A couple of weeks ago, I had a bit of a rant about film-makers not respecting the original text when they adapted literary works, with a particular emphasis on Tim Burton's adaptation of Alice in Wonderland.
This week, at work, I found myself looking through YouTube clips.
Sounds pretty fun? Not a bad job to spend hours looking through material on YouTube?
I'd have to agree. I'm enjoying my work at the moment. But it's for a good cause. Working in online education, YouTube is a real treasure trove of material to present to students to illustrate all sorts of concepts in all sorts of ways.
Anyway, the subject for which I was searching related to language, and I thought that something great to show to students, to illustrate the dynamic nature of the words we use, was a reading of the classic poem Jabberwocky. So I did a search, and this is the first thing I found:
Straight away, I knew I'd hit pay dirt. Lewis Carroll meets the Muppets. What better combination could there possibly be. Two of my absolute favourites and strongest inspirations coming together. Anyone who has read my stories knows the debt I owe to Caroll (or should I say, Dodgson), while I've blogged previously about the brilliance of the Muppets.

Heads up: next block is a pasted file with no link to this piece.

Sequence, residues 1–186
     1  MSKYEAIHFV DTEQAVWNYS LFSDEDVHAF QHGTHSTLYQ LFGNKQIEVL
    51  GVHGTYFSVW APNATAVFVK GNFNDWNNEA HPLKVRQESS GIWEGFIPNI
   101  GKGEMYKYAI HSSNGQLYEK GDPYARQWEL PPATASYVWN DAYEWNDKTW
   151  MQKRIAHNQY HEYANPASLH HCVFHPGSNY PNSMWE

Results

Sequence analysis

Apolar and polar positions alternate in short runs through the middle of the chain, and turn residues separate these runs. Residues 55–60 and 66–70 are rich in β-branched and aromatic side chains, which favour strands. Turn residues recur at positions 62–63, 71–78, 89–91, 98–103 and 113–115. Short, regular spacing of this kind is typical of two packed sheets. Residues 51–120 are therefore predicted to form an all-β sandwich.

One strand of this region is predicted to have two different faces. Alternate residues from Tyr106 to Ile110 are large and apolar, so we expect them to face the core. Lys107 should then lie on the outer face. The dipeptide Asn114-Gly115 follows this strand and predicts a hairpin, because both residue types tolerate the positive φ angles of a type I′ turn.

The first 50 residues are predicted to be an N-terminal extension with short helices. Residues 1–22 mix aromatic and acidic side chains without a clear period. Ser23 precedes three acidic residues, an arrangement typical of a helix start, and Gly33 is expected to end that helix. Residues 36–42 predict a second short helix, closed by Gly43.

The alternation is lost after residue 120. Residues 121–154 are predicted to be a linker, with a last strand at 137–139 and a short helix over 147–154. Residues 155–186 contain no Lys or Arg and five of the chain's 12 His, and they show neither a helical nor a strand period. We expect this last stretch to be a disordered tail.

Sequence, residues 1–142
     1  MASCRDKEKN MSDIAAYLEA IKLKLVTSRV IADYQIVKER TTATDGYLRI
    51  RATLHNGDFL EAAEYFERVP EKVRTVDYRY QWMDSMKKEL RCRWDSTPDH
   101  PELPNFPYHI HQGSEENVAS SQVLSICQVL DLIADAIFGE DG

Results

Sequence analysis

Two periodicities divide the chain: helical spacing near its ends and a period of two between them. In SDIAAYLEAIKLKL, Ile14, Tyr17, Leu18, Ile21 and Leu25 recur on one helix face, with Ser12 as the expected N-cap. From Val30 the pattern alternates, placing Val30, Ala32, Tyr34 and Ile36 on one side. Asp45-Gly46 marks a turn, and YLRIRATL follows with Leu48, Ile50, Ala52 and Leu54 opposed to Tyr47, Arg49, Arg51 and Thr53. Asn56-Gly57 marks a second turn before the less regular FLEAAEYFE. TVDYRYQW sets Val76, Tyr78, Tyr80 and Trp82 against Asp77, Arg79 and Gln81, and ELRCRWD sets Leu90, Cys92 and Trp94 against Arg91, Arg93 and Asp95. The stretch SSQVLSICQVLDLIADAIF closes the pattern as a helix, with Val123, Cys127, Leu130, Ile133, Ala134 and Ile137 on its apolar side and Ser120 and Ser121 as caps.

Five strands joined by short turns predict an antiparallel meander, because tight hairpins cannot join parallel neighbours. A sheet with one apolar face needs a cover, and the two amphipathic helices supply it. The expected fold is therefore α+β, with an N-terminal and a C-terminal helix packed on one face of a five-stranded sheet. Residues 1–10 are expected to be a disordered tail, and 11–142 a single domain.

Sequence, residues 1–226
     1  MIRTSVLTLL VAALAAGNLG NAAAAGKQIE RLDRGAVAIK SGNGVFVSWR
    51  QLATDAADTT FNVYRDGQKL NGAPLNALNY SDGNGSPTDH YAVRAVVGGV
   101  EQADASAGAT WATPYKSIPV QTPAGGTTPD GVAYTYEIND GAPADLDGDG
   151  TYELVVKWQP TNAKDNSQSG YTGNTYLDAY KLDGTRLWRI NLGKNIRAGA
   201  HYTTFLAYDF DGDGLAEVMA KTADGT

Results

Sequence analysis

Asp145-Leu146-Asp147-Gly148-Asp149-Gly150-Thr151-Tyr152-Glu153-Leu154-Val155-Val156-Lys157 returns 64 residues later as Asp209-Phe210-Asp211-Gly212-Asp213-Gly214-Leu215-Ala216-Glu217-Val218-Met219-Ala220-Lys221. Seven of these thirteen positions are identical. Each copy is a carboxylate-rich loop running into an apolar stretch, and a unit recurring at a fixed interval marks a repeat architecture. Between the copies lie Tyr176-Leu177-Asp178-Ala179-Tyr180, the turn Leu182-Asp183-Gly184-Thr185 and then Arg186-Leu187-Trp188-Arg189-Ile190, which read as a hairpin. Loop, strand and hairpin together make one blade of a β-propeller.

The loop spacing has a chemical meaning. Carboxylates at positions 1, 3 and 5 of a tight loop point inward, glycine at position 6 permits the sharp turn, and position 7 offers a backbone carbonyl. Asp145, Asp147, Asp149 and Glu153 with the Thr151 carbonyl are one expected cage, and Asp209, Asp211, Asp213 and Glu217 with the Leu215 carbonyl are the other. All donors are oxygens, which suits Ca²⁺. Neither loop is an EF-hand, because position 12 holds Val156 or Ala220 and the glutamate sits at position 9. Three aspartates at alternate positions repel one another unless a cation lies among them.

So mission accomplished - I had found the perfect clip for the students. Of course, at home, I had to share it with my kids. But then I took a closer look at it, and especially at the characters. They looked strangely familiar.
There was only one thing to do. I found my old dog-eared copy of the book and opened it to the chapter where Humpty Dumpty explains to Alice what the opening words of the poem actually mean. And there they were. Exactly the same characters as you will see in the clip:
- The toves are the strange snouted creatures - a cross between a badger, a lizard and a corkscrew (genius!)
- The boregroves are the long-legged birds that look a little like live mops
- The raths are the green pigs (Humpty Dumpty wasn't sure what mome meant)
Anyway, that's enough from me for now. Hope you all have a totally frabjous week.